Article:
• The Invaders by Karolina Waclawiak – review
  • A Little Life by Hanya Yanagihara – review

Play-In Round

  • Avenue of Mysteries by John Irving – Just bought the audio, let’s face it… I was going to read this anyway.
  • A Spool of Blue Thread by Anne Tyler – Zero interest. Might read it if it actually gets in.

I’m pretty amped at my progress, but also a little disappointed with the selections this year. I haven’t found nearly as many that have blown me away the way they did last year.

I also started The Man in the High Castle after finishing the first season on Amazon Prime. The series appears to be only related to the book in the loosest sense. We’ll see.

Ruffled Feathers // yesterday with my coloring post. I didn’t mean to and in retrospect I wrote it because I really felt alone in not getting the coloring fad. Now I know I’m not. 🙂 Still, good for the colorists! Just not for me.

Edit // Oh! I almost forgot! We went to the circus yesterday (husband’s idea). We all know that among my causes animals and the environment rank pretty low on things that concern me, but I had to stop and think about the absolute hubris of man, of (hu)man(s) in the 21st century that we train wild and majestic animals like tigers and elephants to entertain us by doing parlor tricks. It’s disconcerting to me. Perhaps I think too much. The dogs, horses, and camels don’t bother me… why not? My only guess is that they’re domesticated. I knew there was something else I wanted to put out there. Okay, more working.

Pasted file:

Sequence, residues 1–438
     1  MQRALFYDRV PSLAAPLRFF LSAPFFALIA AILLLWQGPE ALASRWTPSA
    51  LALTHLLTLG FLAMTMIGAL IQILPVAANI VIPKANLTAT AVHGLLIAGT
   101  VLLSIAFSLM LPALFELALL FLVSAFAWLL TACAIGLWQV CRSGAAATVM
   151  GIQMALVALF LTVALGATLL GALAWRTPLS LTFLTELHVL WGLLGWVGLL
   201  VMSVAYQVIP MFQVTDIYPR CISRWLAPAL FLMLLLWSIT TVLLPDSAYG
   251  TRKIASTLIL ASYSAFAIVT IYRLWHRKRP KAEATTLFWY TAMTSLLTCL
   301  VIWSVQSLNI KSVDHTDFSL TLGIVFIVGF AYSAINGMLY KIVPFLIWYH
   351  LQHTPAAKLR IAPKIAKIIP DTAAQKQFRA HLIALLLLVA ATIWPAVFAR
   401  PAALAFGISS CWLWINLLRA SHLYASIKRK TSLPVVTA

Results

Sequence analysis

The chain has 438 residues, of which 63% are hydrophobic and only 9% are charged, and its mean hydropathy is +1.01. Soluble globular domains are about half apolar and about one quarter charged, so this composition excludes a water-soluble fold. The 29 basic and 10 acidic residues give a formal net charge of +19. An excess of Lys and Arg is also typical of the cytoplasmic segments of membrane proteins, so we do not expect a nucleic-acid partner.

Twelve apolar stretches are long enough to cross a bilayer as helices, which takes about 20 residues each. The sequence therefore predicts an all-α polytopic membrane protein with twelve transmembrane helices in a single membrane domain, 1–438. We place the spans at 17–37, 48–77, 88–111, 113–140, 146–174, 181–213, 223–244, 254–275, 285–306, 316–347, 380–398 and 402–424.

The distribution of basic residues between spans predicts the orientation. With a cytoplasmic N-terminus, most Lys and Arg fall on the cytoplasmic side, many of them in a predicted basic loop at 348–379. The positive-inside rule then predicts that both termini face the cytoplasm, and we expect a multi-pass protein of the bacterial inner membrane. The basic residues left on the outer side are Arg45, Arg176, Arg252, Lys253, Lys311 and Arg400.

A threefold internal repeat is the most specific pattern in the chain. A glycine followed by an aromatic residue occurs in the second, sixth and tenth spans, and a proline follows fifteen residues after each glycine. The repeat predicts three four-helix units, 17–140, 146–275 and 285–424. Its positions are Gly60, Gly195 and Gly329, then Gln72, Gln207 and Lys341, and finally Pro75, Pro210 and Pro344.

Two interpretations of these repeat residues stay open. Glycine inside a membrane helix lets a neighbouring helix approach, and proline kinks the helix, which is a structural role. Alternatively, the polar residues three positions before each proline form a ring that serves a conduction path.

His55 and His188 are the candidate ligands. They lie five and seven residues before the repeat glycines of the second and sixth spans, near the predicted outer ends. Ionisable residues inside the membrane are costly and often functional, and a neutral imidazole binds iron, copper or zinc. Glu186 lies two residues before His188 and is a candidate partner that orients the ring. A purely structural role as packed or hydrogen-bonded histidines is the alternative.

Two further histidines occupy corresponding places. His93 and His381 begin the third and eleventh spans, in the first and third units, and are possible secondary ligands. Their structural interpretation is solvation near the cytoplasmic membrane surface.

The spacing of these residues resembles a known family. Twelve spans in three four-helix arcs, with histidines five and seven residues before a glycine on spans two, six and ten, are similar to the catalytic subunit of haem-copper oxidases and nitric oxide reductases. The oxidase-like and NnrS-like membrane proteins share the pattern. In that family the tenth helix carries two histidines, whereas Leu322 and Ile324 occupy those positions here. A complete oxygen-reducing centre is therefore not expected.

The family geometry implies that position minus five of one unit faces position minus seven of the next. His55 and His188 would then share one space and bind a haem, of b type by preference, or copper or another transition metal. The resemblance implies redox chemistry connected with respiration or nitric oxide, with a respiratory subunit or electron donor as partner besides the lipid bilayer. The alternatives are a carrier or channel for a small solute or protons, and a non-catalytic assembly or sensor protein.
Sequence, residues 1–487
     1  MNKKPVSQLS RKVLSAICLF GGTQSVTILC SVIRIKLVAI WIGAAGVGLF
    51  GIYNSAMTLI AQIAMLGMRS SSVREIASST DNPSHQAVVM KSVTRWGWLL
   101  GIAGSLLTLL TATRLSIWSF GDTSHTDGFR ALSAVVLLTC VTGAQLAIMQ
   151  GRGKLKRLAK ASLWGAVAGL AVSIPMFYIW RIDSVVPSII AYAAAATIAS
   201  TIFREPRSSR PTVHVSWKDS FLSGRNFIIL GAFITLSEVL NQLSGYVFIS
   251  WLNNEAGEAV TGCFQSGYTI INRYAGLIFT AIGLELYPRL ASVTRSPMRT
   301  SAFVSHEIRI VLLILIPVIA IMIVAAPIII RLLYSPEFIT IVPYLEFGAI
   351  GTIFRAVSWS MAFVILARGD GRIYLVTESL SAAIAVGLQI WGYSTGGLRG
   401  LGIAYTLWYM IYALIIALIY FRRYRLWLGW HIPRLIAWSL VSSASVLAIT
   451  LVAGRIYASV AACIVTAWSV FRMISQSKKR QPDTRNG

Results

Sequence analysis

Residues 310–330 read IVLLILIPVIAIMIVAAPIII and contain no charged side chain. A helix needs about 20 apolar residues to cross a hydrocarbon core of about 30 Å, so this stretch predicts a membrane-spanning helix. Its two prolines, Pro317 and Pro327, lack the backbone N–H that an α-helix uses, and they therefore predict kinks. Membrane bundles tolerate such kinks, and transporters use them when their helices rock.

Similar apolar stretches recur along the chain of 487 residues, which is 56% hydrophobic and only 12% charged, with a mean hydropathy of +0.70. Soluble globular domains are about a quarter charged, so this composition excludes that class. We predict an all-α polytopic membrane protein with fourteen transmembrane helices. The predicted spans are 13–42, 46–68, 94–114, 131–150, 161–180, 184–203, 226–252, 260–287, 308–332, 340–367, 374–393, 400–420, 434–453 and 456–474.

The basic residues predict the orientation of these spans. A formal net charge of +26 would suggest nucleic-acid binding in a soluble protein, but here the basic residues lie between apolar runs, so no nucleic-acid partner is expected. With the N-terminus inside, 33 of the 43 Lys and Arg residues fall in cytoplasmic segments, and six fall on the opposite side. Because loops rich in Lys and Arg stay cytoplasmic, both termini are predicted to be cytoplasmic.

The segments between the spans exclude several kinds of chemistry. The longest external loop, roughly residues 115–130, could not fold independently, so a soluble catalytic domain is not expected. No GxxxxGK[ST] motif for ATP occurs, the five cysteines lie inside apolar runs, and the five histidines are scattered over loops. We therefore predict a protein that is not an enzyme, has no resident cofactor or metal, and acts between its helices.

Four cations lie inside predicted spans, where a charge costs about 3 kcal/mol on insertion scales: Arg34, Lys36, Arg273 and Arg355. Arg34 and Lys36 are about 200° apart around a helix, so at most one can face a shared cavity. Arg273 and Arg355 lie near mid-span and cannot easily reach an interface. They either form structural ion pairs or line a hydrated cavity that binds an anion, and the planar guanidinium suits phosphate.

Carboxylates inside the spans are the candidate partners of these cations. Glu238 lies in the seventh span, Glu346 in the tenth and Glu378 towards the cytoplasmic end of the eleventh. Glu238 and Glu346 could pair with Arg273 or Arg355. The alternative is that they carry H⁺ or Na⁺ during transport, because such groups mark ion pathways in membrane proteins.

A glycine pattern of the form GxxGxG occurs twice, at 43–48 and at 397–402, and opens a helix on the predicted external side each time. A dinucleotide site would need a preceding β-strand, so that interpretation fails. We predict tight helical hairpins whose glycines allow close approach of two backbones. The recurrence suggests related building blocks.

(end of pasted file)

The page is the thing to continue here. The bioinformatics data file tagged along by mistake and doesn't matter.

I thought I had more to say, but I have a pile of cases that have to be reviewed before arraignment on Wednesday not to mention motions to prepare for tomorrow. What are you doing with your Sunday, Reader?

April @ The Steadfast Reader

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Magnificent Monday: The Invaders (A Tournament of Books Selection)

Posted 8 February, 2016 by April @ The Steadfast Reader in Reviews

Magnificent Monday: The Invaders (A Tournament of Books Selection)The Invaders by Karolina Waclawiak
Published by Simon and Schuster on July 7th 2015
Genres: Fiction, General, Literary
Pages: 240
Format: Kindle Paperwhite
Goodreads
four-half-stars

Over the course of a summer in a wealthy Connecticut community, a forty-something woman and her college-age stepson’s lives fall apart in a series of violent shocks.
Cheryl has never been the right kind of country-club wife. She's always felt like an outsider, and now, in her mid-forties—facing the harsh realities of aging while her marriage disintegrates and her troubled stepson, Teddy, is kicked out of college—she feels cast adrift by the sparkling seaside community of Little Neck Cove, Connecticut. So when Teddy shows up at home just as a storm brewing off the coast threatens to destroy the precarious safe haven of the cove, she joins him in an epic downward spiral.

The Invaders, in a word, is magnificent. It’s a modern day rendering (I suspect intentionally…) of Kate Chopin’s The Awakening.